Eastern Oregon Telecom President Joseph Franell jumped into the fray of Congress’ net neutrality debate Thursday.
Franell traveled from Hermiston to Washington, D.C., to testify in front of lawmakers from the House’s Energy and Commerce Committee by invitation of Rep. Greg Walden, the committee’s top-ranking Republican. Walden has introduced legislation that would prohibit internet service providers from practices such as blocking or throttling traffic to lawful websites and requiring sites to pay for prioritization.
The idea that all websites, from the page of a small local business to Amazon.com, should be treated equally is known as net neutrality. Video of Franell’s opening remarks shows he told lawmakers he believed internet service providers, such as EOT, should be able to prioritize some traffic over others — a 911 call over other calls, for example, or emergency medical information over online gaming.
“Students participating in distance education or online standardized testing should get priority over those streaming online movies for entertainment,” he said.
Defenders of net neutrality — which Franell accused of “fear-mongering” —have pushed back on the idea of allowing internet providers to pick and choose which traffic they prioritize. They say it would open the door to less ethical practices, such as slowing traffic to websites owned by a competitor or promoting a political ideology the provider disagrees with.
Advocates for a “free and open” internet want to preserve an internet where a local news website or personal blog is on a level playing field with websites like Netflix, which could afford to pay if providers like Comcast or Charter started charging fees for access to their customers.
In 2015, to enforce net neutrality, the Obama-era Federal Communications Commission classified broadband internet as a Title II utility, allowing the FCC to heavily regulate service providers. In 2017, under the Trump administration, the internet was reclassified as a Title I utility, ending net neutrality.
Franell told committee members Thursday that the Title II era had a “dramatic chilling effect on rural telecommunication in the Pacific Northwest.” Investors were extremely hesitant to invest in rural broadband, he said, and companies had to spend large amounts of time and resources on reporting to the federal government, drawing those resources away from serving customers and expanding service to more rural areas.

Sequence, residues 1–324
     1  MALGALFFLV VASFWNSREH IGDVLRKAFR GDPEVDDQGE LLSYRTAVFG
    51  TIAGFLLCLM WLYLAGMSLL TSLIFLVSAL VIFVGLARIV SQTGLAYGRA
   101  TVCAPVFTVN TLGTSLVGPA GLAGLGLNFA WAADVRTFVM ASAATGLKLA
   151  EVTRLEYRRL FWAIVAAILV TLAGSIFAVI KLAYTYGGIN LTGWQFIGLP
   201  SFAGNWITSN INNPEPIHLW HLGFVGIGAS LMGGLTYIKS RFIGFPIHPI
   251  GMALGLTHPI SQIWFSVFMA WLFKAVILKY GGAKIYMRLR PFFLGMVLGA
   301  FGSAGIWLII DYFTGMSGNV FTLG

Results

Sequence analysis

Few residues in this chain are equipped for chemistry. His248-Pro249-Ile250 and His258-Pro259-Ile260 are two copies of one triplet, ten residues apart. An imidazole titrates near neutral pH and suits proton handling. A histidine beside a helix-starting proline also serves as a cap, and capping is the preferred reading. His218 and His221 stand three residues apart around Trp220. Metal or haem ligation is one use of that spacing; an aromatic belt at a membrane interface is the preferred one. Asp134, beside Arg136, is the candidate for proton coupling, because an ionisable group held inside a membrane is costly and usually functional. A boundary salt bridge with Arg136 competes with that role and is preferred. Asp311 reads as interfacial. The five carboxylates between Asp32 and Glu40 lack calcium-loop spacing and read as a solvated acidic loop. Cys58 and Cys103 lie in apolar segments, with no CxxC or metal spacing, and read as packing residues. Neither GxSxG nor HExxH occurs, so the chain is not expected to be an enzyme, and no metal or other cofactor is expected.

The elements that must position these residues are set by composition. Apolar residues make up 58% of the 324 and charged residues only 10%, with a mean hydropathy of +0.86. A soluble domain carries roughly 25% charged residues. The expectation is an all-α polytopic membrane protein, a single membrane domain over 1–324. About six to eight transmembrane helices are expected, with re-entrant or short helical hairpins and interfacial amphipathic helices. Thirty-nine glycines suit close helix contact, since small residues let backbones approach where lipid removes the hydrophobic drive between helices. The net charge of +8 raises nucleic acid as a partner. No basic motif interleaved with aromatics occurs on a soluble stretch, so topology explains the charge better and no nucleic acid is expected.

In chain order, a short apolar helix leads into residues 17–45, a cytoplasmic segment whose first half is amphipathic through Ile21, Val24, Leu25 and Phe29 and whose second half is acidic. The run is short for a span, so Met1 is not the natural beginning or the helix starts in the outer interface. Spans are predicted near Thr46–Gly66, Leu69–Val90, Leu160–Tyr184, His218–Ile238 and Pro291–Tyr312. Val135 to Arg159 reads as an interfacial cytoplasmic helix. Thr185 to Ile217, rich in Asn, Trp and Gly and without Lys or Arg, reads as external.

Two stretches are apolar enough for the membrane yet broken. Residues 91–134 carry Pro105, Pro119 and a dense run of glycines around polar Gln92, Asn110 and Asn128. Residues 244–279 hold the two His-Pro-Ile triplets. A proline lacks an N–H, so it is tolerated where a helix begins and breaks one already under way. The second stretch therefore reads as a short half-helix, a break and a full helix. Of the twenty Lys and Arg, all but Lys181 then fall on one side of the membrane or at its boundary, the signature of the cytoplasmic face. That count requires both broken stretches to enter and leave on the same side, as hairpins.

Franell urged lawmakers to avoid changing the internet back to a Title II utility as they considered rules to prevent bad behavior by service providers — behavior he said EOT and other rural internet providers in Oregon have never engaged in, even when legal.
“I believe Title II had begun to harm the internet in the U.S., and a reapplication of it has the very real possibility of resulting in unforeseen and irrevocable damage,” he said.
In a news release, Walden said Title II had given “big government unlimited authority to micromanage every single aspect of a provider’s business.” He said since its repeal both Democrats and Republicans have agreed that there does need to be limits on some behaviors, however, such as, arbitrarily blocking access to websites.
Walden told the other members of the Energy and Commerce Committee on Thursday that the internet was “the single most important driver of economic growth, job creation, and a better quality of life for all Americans” and it was important to create legislation that would provide more stability for providers than having the FCC reclassify the internet at the whim of every new administration.
“For me, this debate is very much about the impact on providers like (Franell) who are trying to close the digital divide,” Walden said. “Heavy-handed, one-size-fits-all regulations hurt small internet service providers like Eastern Oregon Telecom the most, and this in turn hurts their ability to expand broadband to underserved communities in rural America.”
Franell told the Hermiston Herald that he had seen so much misinformation about net neutrality that when he was invited to testify he felt it was important to do what he could to tell the truth. He said he was interested to see the emotional progression that took place over the three-and-a-half hour hearing.
There was a lot of passion and anger on display in the first hour, he said, but as the hearing continued people on both sides of the political aisle seemed to realize “they were on the same sheet of music for the most part.”
“Everyone thought that Democrats were for a free and open internet and Republicans are against it, but that’s not true,” he said. “... Everyone in the room, I think, agreed that throttling, paid prioritization and blocking are wrong.”
He said he felt more confident at the end of the hearing that Congress can come up with a good piece of legislation to protect the internet without unduly burdening providers.
“It went really well,” he said.